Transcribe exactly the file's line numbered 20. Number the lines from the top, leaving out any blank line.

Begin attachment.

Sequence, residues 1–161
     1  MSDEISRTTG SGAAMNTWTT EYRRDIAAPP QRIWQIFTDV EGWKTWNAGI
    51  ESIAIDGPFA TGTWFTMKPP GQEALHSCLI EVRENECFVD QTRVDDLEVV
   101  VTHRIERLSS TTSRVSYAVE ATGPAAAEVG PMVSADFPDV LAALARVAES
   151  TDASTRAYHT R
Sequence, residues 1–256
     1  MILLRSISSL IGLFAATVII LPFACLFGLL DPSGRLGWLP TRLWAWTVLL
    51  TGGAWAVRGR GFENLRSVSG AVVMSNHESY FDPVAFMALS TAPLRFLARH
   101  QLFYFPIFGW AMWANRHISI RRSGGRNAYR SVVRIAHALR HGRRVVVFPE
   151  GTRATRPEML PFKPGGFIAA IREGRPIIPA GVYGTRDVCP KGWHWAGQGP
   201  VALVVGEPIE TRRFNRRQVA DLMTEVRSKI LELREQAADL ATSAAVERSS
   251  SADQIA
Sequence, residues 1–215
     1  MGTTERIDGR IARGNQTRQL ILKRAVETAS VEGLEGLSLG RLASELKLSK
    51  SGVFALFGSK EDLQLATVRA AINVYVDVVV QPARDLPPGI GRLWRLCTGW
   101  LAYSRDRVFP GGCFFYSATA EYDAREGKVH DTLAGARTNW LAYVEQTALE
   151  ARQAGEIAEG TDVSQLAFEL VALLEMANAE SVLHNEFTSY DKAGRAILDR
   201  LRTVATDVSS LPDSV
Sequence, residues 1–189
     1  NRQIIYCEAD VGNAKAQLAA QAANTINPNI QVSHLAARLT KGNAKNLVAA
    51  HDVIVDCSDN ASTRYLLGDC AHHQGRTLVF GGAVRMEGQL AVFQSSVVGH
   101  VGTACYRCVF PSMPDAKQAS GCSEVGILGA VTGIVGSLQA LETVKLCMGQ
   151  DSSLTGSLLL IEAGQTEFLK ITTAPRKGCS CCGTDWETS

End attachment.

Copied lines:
     1  NRQIIYCEAD VGNAKAQLAA QAANTINPNI QVSHLAARLT KGNAKNLVAA